Before Reagan won Tip O’Neill and the other oligarchs (Democratic and Republican) in Congress ganged up on Jimmy Carter rendering his presidency a failure for the most part.

  28. It is disappointing to see the once beacon of shining light and world’s greatest democracy become yet another struggling nation whose political system is terribly corrupt, and leaders owned by special interests and lobbies, and like all other nations including dictatorships, and the best interests of the citizenry never put above their financial backers.

  29. Right on. Wish you were here 8 months ago, but better late than never.

    One of these days we’ll have to start asking questions about how the fact that our system gives us only 2 choices contributes to this situation . . .

  30. I think more than a few people have noted that excessive money in politics, is not particularly kind to the more complex ideas that progressive politics is about–Not to mention where most of the tsunami of Benjamins originate.
    The type of negative mass knee-jerk propaganda the right specializes in, wins not so much because of the content of the message, but because the container is so simple, and is built upon the foundation of fear (one of our most powerful motivators). The right long ago realized their elitist policies obviously are not supported by the mainstream when broken down and analyzed. They are only assented to when
    splintered to the dark PsyOps of the black boogie man, the immigrant boogie man, and of course, the liberal boogie man, who has a laser guidance system on his/her nose to look down upon the rabble accurately.
    Not altogether an exaggeration to say Lee Atwater is one of the great terrorists of this century, and never even had to fire a shot! He apologized on his death bed, and now we see our countries death bed in the mists he and his acolyte Rove spun to democracies great detriment. Heres hoping we survive intact.

  31. It’s not just about being ruthless, which I agree with. It’s about standing for the real issues. Hillary could have galvanized voters by leading on climate change and income security. About 44% of eligible voters did not vote at all. That’s more than the roughly 26% that each candidates received.

    If the democratic party took seriously the most pressing issues of our time, namely climate change and the social safety net, it would give a reason to the majority who didn’t see a reason to vote for either candidate.

    Automation will make an dramatically bigger difference in the number of jobs available in the next ten years and beyond. A society predicated on full employment is a chimera and political parties and capitalism need to evolve to provide a new paradigm for a post-capitalist society. We’ve got a long way to go.

  32. The Reps & their looney wing, Gingrich, Giuliani openly boast of rolling over the competition and annihilating liberal agendas & laws.

    Dems? Seth MacFarlane got it perfectly:

    link to m.youtube.com

  33. I share your frustration, Prof. Cole but — no disrespect intended — I think your assumptions about who the Democrats “really are” are naive. The Democrats don’t act as you want them to because they are following precisely what it is that they are. They are GOP lite, socially liberal Republicans. They prefer a dreadful neoliberal economist like Larry Summers to Barbara Ehrenreich precisely because that’s what they believe in: neoliberal, anti-worker, deregulation, corporate oligarchy and little environmental commitment to speak of. You judge a party or politician by what they or he/she fights for. Look at Obama’s determined effort to fight for TPP and compare it to what he’s done for labor rights, consumer rights and the environment.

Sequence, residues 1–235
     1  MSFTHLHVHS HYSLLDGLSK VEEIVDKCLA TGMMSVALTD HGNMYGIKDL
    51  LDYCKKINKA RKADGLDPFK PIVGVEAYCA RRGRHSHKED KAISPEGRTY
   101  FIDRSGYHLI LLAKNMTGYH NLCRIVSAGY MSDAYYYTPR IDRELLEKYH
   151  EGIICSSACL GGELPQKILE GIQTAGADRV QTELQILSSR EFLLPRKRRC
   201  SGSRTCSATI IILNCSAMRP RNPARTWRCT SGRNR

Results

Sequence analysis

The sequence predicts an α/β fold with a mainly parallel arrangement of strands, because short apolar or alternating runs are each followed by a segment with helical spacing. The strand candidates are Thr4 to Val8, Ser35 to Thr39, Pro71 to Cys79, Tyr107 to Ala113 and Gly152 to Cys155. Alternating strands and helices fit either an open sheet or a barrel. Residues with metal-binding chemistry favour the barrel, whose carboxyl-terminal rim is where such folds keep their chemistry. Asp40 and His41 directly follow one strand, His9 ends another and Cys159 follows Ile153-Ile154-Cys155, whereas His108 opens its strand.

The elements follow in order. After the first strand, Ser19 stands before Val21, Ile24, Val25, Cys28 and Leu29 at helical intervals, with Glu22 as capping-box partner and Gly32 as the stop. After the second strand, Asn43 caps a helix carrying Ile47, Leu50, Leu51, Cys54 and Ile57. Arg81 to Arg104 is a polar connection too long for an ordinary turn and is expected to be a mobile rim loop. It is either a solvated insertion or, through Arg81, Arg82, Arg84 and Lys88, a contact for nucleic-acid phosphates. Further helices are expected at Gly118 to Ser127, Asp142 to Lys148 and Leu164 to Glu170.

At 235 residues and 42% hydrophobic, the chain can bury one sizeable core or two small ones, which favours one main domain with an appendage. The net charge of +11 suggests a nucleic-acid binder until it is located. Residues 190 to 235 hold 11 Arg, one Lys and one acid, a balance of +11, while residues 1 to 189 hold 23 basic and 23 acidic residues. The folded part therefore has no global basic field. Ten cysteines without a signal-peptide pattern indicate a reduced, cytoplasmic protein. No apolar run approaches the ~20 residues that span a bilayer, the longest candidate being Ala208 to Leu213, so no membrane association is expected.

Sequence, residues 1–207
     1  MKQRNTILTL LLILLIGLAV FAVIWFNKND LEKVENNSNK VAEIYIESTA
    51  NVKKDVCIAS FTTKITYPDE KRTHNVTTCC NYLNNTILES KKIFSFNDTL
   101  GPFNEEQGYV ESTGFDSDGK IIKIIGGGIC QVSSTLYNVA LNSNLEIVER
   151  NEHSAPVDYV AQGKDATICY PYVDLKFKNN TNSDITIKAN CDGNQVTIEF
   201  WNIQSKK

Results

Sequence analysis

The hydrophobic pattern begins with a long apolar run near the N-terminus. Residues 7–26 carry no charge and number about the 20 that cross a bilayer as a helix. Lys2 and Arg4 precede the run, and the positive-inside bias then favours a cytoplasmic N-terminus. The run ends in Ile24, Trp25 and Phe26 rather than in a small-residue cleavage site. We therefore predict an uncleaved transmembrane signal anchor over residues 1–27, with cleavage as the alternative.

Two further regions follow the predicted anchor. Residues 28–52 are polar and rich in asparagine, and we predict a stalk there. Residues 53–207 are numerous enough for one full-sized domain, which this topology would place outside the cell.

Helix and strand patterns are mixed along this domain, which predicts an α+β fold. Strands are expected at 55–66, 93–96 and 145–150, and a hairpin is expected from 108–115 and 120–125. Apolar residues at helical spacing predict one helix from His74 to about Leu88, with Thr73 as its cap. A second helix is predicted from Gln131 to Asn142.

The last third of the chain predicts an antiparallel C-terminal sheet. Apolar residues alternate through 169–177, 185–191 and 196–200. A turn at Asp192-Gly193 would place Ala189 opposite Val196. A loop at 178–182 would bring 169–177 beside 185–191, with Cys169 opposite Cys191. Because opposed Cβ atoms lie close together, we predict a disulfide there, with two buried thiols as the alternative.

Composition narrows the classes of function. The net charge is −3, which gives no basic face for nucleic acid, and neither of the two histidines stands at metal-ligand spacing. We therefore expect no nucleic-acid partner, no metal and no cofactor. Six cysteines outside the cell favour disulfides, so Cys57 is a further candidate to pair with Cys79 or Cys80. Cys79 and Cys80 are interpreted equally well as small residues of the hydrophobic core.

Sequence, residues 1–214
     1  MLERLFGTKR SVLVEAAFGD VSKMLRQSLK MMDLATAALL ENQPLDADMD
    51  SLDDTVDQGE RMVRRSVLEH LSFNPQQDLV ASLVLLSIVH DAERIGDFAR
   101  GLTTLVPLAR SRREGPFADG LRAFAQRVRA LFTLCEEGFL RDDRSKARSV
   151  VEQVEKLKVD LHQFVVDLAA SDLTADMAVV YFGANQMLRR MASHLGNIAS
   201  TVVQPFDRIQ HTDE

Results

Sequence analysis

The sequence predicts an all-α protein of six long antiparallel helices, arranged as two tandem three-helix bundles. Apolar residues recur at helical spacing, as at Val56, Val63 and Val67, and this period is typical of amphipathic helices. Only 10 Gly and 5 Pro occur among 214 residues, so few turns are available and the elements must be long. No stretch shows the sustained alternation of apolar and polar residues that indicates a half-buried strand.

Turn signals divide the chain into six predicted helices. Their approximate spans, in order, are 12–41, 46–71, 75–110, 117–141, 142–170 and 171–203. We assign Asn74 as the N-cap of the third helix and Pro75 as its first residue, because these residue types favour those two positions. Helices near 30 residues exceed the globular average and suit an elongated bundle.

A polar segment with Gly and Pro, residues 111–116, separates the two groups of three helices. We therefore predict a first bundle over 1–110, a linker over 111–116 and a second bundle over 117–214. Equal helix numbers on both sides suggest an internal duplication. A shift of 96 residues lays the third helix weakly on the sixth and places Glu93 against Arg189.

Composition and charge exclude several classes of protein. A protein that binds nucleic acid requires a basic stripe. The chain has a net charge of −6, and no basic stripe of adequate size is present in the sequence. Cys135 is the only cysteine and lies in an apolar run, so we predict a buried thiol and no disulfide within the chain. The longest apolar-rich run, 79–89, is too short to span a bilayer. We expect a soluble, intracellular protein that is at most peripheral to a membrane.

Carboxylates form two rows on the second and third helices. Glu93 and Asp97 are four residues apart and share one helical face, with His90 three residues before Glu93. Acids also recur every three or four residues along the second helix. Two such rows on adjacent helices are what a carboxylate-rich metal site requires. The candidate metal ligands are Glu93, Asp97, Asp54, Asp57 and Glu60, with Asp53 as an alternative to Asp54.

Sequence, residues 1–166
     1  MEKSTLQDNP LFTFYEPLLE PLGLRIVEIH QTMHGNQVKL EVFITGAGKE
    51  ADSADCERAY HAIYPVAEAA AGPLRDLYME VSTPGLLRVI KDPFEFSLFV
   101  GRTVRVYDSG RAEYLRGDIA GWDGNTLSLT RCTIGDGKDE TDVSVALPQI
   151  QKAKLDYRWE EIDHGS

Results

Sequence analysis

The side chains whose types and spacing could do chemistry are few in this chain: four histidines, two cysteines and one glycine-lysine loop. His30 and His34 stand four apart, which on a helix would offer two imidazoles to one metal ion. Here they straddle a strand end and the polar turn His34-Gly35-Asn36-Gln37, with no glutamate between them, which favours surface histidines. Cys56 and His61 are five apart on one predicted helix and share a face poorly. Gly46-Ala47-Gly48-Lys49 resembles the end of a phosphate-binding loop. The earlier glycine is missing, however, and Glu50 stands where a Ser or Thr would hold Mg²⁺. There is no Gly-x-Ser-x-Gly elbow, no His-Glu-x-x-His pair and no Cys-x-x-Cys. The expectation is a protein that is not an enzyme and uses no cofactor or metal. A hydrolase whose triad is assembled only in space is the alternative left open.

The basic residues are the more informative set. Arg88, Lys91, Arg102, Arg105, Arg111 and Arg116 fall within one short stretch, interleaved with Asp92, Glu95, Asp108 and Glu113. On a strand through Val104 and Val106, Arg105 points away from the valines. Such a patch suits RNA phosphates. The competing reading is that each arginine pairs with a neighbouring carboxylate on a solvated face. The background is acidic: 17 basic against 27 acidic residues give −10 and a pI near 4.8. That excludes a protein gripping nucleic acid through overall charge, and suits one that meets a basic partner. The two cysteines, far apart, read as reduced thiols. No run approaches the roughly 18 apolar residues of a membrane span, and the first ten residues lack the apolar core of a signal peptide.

The Democrats are not and have not been for decades a genuine party that gives a damn about workers, the poor, civil liberties or the environment. What little they’ve done in that direction in the last 3 decades is lip service, weak sauce, cosmetic efforts.

    There are individuals in the party – many in its liberal wing – who are very much concerned about those things but they are marginalized in the party. Since the party’s takeover by the Clinton/DLC crowd, its commitment to labor, anti-poverty, the environment, consumer rights and so on have been cosmetic only. The Democrats are first and foremost fundamentally a corporate party- a creature of Wall Street, big banks, arms manufacturers, big oil, big pharma. There’s a reason that big money donors keep funding the party. It is absolutely certain that if the party acted as you wanted, those donors would flee the party instantly.

    Obama was a big recipient of such corporate donations. Every organization on the planet holds its primary fealty to whoever or whatever funds not just its survival but its prosperity and success. The Democratic party is no different.

    The proof of this has been the party’s abject performance with regard to the environment, labor, anti-poverty, anti-trust, banking regulations etc in the last 30yrs. It is the DLC/Clinton version of the Democrats who have controlled the party during the systematic destruction of the New Deal and the LBJ era legislation. They own it.

    Those are the real world easily observed facts.

    You judge Democrats — like every other organization and like every other person — by what they DO and DON’T DO, not what they say. You judge them – like every other organization – by what they choose to expend their energy on and what they don’t.

    The Democrats represent the rich and powerful and for US imperial expansion and hegemony. They do not go left because they despise the left. They prefer Republicans to the left. That is the demonstrated truth that they’ve kept showing us for 30-35 yrs.

  34. “Why can’t the Democrats ever throw caution to the wind and be themselves? ” But democrats ARE being themselves! Let’s face it: Democrats would rather lose than have the left win. Does Obama support Ellison for DNC chair? Hell no. But he’s the one who put Debbie Wasserman Schultz in charge of the DNC. Is anyone arguing now that the Democratic nomination process was not slanted against Sanders?